Recently, there has been an outburst of junior doctors in the NHS threatening to strike. This is rather telling. Whether or not you agree that the strikes are justified, it indicates that dark circumstances are perhaps befalling Britain’s National Health Service; a true national treasure since its foundation in 1945. There is never any smoke without fire. And this certainly rings true for this particular scenario.
Health Secretary Jeremy Hunt has tried to shut the floodgates of dissenting junior doctors, by promising an 11% pay rise to keep them happy. However, as more and more opt to strike, it will be harder to keep the dissent from spreading between doctors.
What’s going wrong in the NHS?
Simple. Lack of funding means less effective treatment, longer waiting times for patients, more difficulty in getting an appointment, and longer hours and an ever increasing workload for doctors; meaning they can’t do an effective job. In short, the NHS is plummeting.
The NHS, as we once knew it, is gradually fading away from its former glory. Despite pledging to spend £8 billion on the NHS, prior to the General Election earlier this year, the Conservative party have been austere in their handling of the NHS, withholding vital funds to keep it prosperous.
While many doctors and healthcare workers have been bullied into silence by a climate of fear, some have plucked up the courage to speak up. One of these is Dr. Clive Peedell, a cancer doctor and co-leader of the National Health Action party, who admitted: “this government has spent the past four and a half years starving the NHS of cash“.
Of course, whistle-blowing protection regulations have been vigorously promoted, thanks to Sir Robert Francis, who has raised awareness of reports and complaints from Doctors – on the declining service of the NHS.
Why is this being allowed to happen?
To make way for privatization of the health service. The method to make privatization acceptable is simple: defund it, making it massively under-perform; until privatization becomes a miraculous solution, and the only option to save it is to sell it off to private contractors.
And it is evidentially going this way. Several privatisation deals have taken place in recent years, including the largest one in history taking place in March earlier this year. Several assets were sold off to private overseas contractors, totalling a staggering £780 million of sales overall. Naturally, this was justified to help improve the service performance. To prevent widespread dissent however, it was covered up by the Jeremy Clarkson scandal at the time; when he was controversially sacked from Top Gear. This couldn’t have come at the better time for the government, as it distracted the public’s attention from the healthcare system being largely sold off. Moral of this story – If there is a massive news story being perpetuated by the media, it is likely used as a distraction to cover up a real issue which could affect people’s lives.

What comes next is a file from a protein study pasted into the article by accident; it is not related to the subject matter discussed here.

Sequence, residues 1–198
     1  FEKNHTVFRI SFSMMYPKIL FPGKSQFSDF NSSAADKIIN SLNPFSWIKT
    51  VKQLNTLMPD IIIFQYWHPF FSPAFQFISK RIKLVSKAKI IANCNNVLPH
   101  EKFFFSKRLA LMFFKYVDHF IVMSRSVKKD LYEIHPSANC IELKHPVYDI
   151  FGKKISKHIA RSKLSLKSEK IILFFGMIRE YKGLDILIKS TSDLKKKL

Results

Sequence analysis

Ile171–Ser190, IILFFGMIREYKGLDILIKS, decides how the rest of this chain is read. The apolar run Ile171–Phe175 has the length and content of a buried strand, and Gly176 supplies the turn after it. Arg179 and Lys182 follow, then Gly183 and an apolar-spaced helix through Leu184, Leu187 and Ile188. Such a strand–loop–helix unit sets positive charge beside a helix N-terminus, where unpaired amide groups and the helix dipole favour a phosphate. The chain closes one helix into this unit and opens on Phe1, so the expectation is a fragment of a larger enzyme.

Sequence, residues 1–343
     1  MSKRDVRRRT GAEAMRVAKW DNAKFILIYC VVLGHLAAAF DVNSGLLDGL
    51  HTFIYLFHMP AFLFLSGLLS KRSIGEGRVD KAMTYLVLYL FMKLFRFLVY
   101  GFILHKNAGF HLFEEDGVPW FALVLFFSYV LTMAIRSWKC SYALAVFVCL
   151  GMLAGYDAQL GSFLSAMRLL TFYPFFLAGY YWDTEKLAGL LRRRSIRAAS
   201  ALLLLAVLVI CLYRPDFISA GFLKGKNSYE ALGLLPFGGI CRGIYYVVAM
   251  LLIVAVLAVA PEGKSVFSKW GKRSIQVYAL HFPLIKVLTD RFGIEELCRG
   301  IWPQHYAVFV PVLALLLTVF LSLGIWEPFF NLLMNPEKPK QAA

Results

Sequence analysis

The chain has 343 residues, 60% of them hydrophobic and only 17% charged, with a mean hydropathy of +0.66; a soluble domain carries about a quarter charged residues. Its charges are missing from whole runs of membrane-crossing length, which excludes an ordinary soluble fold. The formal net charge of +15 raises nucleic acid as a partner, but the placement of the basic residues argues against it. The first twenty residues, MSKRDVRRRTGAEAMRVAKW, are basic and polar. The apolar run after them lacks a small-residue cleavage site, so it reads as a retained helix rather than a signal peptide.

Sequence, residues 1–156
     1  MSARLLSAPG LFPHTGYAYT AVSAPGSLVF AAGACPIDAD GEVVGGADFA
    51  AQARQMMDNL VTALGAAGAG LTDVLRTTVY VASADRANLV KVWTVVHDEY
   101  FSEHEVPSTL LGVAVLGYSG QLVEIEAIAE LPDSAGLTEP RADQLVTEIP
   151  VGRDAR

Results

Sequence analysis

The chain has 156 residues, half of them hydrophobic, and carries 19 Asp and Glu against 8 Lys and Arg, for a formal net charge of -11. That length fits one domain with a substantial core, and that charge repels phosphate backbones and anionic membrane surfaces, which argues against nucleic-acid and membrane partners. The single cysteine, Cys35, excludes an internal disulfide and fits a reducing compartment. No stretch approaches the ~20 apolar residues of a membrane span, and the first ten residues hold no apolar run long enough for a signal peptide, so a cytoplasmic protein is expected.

And it could go further than this. Many have protested about the impact which the Trans-Atlantic Trade and Investment Partnership (TTIP) would have on Britain, if the bill allowing them to invest was passed. For those who aren’t familiar with TTIP, it is a series of agreements between the EU and the US, allowing more diverse investment between both sides. This has led to fear over how Britain would be a sitting duck to American investors, as part of the EU. While this is reasonable, the UK has been one of the biggest advocates for TTIP being implemented; meaning that even if the EU refused TTIP, the British government would still welcome American investment with open arms.
As dire as it sounds, much of our healthcare system could be sold off even more; to American contractors this time.
Of course, privatization alone isn’t inherently evil; but the purpose for it being carried determines whether or not it’s done for just reasons. According to a report by the Euro Health Consumer Index in 2014, comparing different country’s healthcare systems, Netherlands and Switzerland host the most effective services in the world; in terms of waiting times, effectiveness of treatment, infant mortality, and general satisfaction from the healthcare service. They are both privatized too. Under the previous Labour government, the NHS was part-privatized – but only done so to a small extent. It was still well regulated by the government, and was still funded substantially; meaning it delivered effective results.
However, it depends on what grounds privatization is done. If it’s done to provide effective treatment to the public (as is the purpose of healthcare), then it’s not such an issue. If done for profit though: not so good. And what with a lot of whistle-blowers reporting the rising decline and worsening treatment of patients over the last few years (list can be found here), it seems that the gradual, but most likely inevitable, privatization of the NHS won’t be done for the public’s best interests.
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